Wednesday, October 10, 2018

Religious freedom, LGBT exclusion

The federal government’s review into religious freedom has recommended allowing religious schools to turn away LGBT students, teachers and staff. Fairfax reports that the review, which the government has refused to release for four months, recommends amending the Sex Discrimination Act to allow religious schools “to select, or preference, students who uphold the religious convictions of that school community”. The review rejected calls from conservatives to allow businesses to refuse service to customers on religious grounds. It also declined to recommend standalone legislation exempting churches and religious organisations from anti-discrimination laws.

Federal government ministers have dismissed a United Nations report warning that global coal consumption would have to cease by 2050 to avoid the worst effects of climate change. While admitting she had not read the report, environment minister and former mining industry lawyer Melissa Price said the 91 leading climate scientists who authored the report were “drawing a long bow”, and that it “would be irresponsible of us” to commit to the UN’s recommendations. Nationals leader and deputy prime minister Michael McCormack, who also failed to read the report, said Australia should not abandon coal mining “just because somebody might suggest that some sort of report is the way we need to follow and everything that we should do”.

Prime minister Scott Morrison has laid out the terms of reference for the royal commission into the aged-care sector. The inquiry will run for 18 months with a final report date of April 2020, and be based in Adelaide where a South Australian Independent Commission Against Corruption investigation highlighted the abuse and neglect at the Oakden nursing home. Supreme Court justice Joseph McGrath and former public servant Lynelle Briggs will head the inquiry, which will investigate “mistreatment and all forms of abuse, the causes of any systemic failures, and any actions that should be taken in response”. The commission has scope to make findings relating to “all forms of Commonwealth-funded aged care services, whatever the setting or environment in which those services are delivered”.

And the New South Wales government bowed to pressure from the racing and gambling lobbies to grant exemptions from laws aimed at protecting problem gamblers from betting advertising. Documents obtained by the NSW Greens under freedom of information laws show Racing NSW chief executive Peter V’landys, Racing Australia chief executive and former NSW premier Barry O’Farrell and other gambling and media executives urged the government in March to exempt racing-related gambling from laws prohibiting betting agencies from offering inducements to gamble. In July, Liquor and Gaming NSW released guidelines allowing the racing industry to continue gambling promotions alongside coverage of racing. The correspondence emerged as hundreds of protesters with torches disrupted a projection of racing advertising on the Sydney Opera House’s sails.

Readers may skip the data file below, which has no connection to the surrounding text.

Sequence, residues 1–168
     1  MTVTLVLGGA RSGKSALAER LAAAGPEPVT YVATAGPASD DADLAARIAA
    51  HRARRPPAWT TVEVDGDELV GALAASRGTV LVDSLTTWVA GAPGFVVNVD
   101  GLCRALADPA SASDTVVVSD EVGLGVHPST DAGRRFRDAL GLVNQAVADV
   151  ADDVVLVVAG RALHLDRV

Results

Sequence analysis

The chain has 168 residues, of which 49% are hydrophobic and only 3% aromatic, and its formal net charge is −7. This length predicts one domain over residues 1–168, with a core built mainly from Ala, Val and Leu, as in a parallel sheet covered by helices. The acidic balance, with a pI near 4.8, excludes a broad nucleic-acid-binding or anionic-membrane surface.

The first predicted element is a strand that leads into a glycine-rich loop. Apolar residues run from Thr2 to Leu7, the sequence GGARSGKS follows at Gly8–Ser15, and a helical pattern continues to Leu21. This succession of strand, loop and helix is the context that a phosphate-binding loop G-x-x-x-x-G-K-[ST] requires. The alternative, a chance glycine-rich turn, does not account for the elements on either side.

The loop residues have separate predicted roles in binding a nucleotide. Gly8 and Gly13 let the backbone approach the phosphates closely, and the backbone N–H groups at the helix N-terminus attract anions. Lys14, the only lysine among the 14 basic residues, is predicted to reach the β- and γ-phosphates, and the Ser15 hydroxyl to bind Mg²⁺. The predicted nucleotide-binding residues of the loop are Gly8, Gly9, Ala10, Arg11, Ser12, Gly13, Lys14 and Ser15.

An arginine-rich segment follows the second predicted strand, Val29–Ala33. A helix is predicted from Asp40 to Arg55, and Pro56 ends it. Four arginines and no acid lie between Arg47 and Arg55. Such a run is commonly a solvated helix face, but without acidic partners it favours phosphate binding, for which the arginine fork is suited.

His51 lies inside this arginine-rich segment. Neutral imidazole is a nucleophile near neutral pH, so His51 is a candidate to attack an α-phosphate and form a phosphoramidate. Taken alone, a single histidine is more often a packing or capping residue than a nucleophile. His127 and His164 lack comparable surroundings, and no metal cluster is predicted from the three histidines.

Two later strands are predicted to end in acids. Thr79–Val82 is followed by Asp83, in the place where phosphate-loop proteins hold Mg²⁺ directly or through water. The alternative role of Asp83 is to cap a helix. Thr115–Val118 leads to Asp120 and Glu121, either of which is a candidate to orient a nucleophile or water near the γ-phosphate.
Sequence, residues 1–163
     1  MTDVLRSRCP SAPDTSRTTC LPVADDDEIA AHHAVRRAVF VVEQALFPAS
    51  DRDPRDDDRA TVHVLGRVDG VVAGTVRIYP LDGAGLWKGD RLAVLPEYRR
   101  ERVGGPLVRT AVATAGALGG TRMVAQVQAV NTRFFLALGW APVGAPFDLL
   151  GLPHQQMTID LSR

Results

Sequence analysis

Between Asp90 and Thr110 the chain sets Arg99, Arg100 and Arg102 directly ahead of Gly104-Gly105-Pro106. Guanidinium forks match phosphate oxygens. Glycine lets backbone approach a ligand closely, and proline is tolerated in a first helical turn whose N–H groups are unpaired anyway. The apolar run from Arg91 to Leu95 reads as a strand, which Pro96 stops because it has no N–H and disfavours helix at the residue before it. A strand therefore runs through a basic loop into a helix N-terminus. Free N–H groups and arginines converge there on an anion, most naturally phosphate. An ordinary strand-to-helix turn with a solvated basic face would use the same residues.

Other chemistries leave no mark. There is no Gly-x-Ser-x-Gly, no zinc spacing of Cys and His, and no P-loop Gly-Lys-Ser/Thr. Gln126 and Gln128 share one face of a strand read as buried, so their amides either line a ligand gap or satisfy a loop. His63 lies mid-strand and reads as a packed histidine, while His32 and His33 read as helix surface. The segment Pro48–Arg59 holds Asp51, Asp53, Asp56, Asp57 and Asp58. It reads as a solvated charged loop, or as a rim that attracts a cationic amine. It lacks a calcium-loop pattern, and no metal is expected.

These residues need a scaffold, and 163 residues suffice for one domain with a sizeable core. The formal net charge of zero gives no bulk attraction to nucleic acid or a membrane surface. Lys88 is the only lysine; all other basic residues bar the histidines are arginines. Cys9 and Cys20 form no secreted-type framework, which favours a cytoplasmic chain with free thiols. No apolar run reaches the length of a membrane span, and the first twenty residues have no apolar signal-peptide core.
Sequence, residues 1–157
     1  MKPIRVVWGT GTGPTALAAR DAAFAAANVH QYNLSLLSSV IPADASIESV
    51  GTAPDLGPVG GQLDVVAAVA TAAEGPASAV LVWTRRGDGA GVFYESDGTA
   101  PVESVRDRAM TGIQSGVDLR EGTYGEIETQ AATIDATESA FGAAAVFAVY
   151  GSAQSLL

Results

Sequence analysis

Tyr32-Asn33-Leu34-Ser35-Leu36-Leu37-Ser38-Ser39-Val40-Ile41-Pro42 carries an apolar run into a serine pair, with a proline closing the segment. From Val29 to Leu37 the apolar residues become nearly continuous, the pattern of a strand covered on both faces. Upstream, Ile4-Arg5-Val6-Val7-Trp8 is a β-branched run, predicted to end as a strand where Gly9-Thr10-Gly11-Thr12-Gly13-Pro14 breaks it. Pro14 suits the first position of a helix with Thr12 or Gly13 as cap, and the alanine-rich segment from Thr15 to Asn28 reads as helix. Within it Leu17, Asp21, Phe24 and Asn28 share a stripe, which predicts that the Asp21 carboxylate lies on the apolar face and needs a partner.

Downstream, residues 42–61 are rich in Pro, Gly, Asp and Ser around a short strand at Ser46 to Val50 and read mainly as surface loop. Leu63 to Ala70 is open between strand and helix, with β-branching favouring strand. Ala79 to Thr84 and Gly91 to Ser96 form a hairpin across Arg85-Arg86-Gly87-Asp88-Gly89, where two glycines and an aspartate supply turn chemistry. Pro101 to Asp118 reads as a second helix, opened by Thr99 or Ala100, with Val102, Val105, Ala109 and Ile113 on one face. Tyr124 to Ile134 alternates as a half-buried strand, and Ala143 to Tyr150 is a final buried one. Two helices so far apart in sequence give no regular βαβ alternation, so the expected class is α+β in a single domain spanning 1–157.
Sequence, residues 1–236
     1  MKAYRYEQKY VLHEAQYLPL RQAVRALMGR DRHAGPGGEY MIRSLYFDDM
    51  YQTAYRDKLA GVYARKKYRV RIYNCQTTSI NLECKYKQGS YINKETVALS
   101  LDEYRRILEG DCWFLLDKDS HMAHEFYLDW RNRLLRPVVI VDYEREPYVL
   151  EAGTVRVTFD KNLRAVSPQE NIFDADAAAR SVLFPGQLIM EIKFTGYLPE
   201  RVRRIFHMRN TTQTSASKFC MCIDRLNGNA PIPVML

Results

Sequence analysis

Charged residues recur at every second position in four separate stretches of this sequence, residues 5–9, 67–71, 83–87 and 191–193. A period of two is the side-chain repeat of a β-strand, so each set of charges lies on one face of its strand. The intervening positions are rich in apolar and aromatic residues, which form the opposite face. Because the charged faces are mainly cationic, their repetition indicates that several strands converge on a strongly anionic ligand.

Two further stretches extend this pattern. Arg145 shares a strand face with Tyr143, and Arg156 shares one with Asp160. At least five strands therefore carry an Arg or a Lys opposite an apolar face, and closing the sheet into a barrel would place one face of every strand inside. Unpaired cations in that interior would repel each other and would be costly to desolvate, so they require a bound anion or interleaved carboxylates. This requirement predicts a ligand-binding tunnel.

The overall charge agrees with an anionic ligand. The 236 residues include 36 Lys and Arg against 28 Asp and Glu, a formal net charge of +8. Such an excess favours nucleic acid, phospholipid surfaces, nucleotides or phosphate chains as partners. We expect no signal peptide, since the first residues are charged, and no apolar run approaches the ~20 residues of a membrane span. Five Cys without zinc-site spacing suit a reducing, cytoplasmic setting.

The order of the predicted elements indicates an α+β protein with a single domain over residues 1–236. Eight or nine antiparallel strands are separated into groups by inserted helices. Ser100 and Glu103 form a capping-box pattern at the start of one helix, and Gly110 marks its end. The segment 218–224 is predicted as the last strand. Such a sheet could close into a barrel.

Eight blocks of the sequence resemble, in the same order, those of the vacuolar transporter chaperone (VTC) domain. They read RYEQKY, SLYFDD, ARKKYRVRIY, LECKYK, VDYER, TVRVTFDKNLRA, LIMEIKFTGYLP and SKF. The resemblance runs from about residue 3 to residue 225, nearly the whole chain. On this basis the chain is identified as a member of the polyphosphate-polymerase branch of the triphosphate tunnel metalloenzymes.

“Yan is routinely referred to as China’s most controversial novelist, thanks to his scandalous satires about the brutalities of its Communist past and the moral nullity of its market-driven transformation ... Since 2016, almost all of Yan’s work – to date, seventeen novels, as well as short stories, novellas, and volumes of essays – has been subject to an unofficial ban.”


“Pope Francis has been fighting off critics practically since the day he was elected in 2013 ... Since then, conservative dissenters in the Catholic hierarchy have formed a resistance of sorts, pushing back against Francis’s pronouncements on divorce, immigration, climate change, and poverty.”


“He would tell his story exclusively to me, he promised, if I left out certain parts. Like so many of his offers, it was one that promised a wealth of opportunity, in return for very little. In the end, though, I decided to decline. Because Khalid wasn’t writing me from his yacht, or his penthouse on Fisher Island, or his father’s palace in Dubai, but from a cell at the Federal Detention Center in Miami.”


“Abortion reform in Queensland is closer to becoming a reality after the LNP party room decided to allow its MPs to exercise a conscience vote ... After a two-hour meeting, LNP leader Deb Frecklington released a statement announcing the party room had unanimously resolved that its members would be granted a conscience vote on [the issue].”


“The mother of a federal Liberal National Party member in Queensland has used her son’s parliamentary office and email to distribute anti-abortion propaganda ... Luke Howarth, who liked multiple tweets from people marching for abortion to remain a crime last month, did not answer questions about why his mother was using his parliamentary resources.”


“You won’t believe it. I’m saying this horse knew me. He actually remembered me from another Western we made a while back. I love animals. When we worked together before I took special care of him. I fed him treats. Gave him apples.”

Alex McKinnon
is Schwartz Media's morning editor.